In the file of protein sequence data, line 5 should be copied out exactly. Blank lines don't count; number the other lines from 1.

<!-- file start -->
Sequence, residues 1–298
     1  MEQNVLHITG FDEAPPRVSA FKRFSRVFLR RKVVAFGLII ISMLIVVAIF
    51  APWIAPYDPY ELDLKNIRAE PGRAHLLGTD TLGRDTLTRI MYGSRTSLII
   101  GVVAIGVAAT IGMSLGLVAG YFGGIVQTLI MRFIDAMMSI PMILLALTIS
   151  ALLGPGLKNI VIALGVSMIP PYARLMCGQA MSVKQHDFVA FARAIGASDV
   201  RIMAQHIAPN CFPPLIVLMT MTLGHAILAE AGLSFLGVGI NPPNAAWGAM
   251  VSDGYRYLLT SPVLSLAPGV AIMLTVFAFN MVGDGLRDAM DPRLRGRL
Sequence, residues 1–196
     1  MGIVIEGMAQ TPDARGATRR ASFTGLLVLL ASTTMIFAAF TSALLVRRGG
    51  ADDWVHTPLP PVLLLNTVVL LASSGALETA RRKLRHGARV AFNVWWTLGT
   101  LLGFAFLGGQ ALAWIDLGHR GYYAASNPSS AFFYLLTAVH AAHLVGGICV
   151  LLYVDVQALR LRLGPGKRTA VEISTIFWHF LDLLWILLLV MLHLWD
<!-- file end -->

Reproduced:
   151  ALLGPGLKNI VIALGVSMIP PYARLMCGQA MSVKQHDFVA FARAIGASDV